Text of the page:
That's when things start to get a little weird. He's always hungry, can't seem to eat enough. At night, he just lies awake, unable to fall asleep. He's thirsty, but water feels too thin. One day, while traipsing through the forest, he gets into a fight with Tom. Someone across the river draws his attention to his reflection in the water--or lack thereof--it has to be a trick, right?

Vampires are nothing new in Chris's world. There are bodies found around town more frequently lately. His brother drags him to a vampire lynching, and the girl being killed seems to recognize him. It doesn't really start to hit home until he meets Chet. Okay, that's not really his name, but who can pronounce a pattern of thought? Chet the Celestial Being offers Chris a way out. He just needs a favor in return. All Chris has to do is thwart the vampires' plan to resurrect their Vampire Lord, and in exchange, Chet will remove the curse of vampirism. Easy...easier perhaps if it didn't involve meeting the vampires at a pot luck dinner.

Anderson weaves together the angst of adolescence and becoming a vampire together until you almost forget that humans don't naturally morph into vampires at a certain age. Chris's struggles may be unique in some ways, but are certainly not in others. We all face situations in which we want to believe that someone will save us. The thirst grows with every day, and soon he fears for those around him. All the vampire fans out there will enjoy this, as well as anyone who is looking for a good adolescent tale of the pain that is necessary to grow.

"'In the midst of life, we are in death. Of whom may we seek for succor, sucker?' He smiles at me. Then he vanishes and leaves me appalled; for I know, and realize, that all he has said is true," (Anderson pg. 226, 1997).

*Library Link*

If you liked this, check out:
Feed by M.T. Anderson
Bloodsucking Fiends by Christopher Moore
Cirque du Freak series by Darren Shan
Vampire Kisses series by Ellen Schreiber

Anderson, M.T. (1997). Thirsty. Candlewick Press: Cambridge, MA.

The Astonishing Adventures of Fanboy and Goth Girl by Barry Lyga

Fanboy is not a fan of many things. He is not a fan of high school, Jerk Jocks, his Step-Fascist (Step-Father), his soon to be born half-sister, his social status, or gym. He IS a fan of comics, his only friend Cal, Senior Goddess Dina Jurgens, Michael Bendis (a famous comic book writer/artist), education, and getting the hell out of his hick town. He has a plan. He's secretly been working on a graphic novel of his own, so secretly that he hasn't even told his best friend about it.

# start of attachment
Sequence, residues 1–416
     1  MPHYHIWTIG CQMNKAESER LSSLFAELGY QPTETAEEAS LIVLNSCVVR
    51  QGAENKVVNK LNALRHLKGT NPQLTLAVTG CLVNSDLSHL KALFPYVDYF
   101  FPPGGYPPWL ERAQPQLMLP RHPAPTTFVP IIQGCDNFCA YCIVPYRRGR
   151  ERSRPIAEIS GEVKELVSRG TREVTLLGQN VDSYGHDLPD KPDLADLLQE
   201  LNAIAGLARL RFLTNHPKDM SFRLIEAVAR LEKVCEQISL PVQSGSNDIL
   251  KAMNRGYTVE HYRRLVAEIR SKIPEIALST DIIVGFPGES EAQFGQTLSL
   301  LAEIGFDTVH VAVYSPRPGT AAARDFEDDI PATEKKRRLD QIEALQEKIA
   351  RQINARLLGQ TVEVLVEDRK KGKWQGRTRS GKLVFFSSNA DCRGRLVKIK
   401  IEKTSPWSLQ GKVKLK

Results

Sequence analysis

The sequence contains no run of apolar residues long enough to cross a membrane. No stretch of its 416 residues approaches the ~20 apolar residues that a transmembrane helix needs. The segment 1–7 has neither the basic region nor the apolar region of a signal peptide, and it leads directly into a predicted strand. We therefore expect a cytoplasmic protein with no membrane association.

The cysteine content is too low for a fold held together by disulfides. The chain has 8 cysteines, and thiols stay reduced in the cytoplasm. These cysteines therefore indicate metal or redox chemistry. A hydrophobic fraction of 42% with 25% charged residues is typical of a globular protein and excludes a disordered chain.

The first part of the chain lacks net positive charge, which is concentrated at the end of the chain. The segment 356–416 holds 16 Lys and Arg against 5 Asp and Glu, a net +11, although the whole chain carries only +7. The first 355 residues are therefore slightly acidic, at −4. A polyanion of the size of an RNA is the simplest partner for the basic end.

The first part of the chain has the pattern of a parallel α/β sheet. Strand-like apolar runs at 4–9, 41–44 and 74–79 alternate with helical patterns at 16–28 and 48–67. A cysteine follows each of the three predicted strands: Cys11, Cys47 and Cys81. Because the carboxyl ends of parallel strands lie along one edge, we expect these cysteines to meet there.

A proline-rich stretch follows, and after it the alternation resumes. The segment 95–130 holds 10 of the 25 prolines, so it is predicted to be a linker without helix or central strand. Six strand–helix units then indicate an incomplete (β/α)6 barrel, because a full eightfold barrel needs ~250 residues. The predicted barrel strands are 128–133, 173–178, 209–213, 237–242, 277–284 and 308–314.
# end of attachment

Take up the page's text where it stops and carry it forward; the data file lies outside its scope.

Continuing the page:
His friend Cal is the only thing that makes high school bearable. Cal is just as big of a comic book geek as he is, he's smart, funny. But there's a catch: he is also on the Lacrosse team. Cal isn't like those other Jerk Jocks.

Enter Goth Girl, aka Kyra, who befriends him after witnessing an especially humiliation moment in gym. She wears all black, and hides the scars on her wrists. She tells him that her mother died of lung cancer while she lights up a cigarette. She always picks him up in a different car, but being with her gives him confidence. He shows her his graphic novel Schemata, which he hasn't even shown to Cal.

The three have adventures that take them to a comic convention, through many fights, down into a basement, on treacherous driving sprees, to a party, and of course, on a bus.

Barry Lyga captures the essence of teen angst so well. The outcast with a basement full of comics may be the icon of geek, but that is only a background for Fanboy's other problems. His family situation makes it hard for him to make friends, and his ability to hold a grudge keeps him at a distance from a lot of people. Undoubtedly, Fanboy's life is far from ideal, but through this novel he learns that he might not be as different from all those people he thought he hated. Sometimes learning forgiveness, to forgive yourself and those who wronged you, is the path to growing up.

"But this isn't a movie or a book. And worst of all, I'm not a hero. So I just kneel next to her on the ground as her body shakes and jerks, as the tears run down her cheeks. I don't know what to say or do. I just want to touch her, to feel her, to know that she's real, that I'm real. To find the exact, precise right things to say that will make it all stop and make it all go forward," (Lyga 2006, pg 304).

*Library Link*

If you liked this, check out:
Goth Girl Rising by Barry Lyga (sequel to be released Oct. 19th)
The Absolutely True Diary of a Part-Time Indian by Sherman Alexie
Twisted by Laurie Halse Anderson
Black Mirror by Nancy Werlin

Lyga, Barry. (2006). The Astonishing Adventures of Fanboy and Goth Girl. Houghton Mifflin Company: Boston, MA.

Speak by Laurie Halse Anderson

Melinda is beginning her freshman year of high school. For some reason, that we as readers don't yet know, she is being ostracized by all her former friends. She is even alienated by the rest of the school. Even her first lunch period ends with food all down the front of her. Her only friend is a transfer student, Heather, who's incessantly positive attitude leaves a bitter taste in Melinda's mouth at times.

Why is she so bitter? Why is she so full of words, but can't find the strength to speak up? Her only solace comes in art class. Her teacher assigns each student one subject matter to work on for the entire year. She draws, scrapes, molds, paints: a tree. One day she stumbles into an old janitor's closet, and decides to make it into her own special place. A place where no one can hurt her, a place of freedom and safety.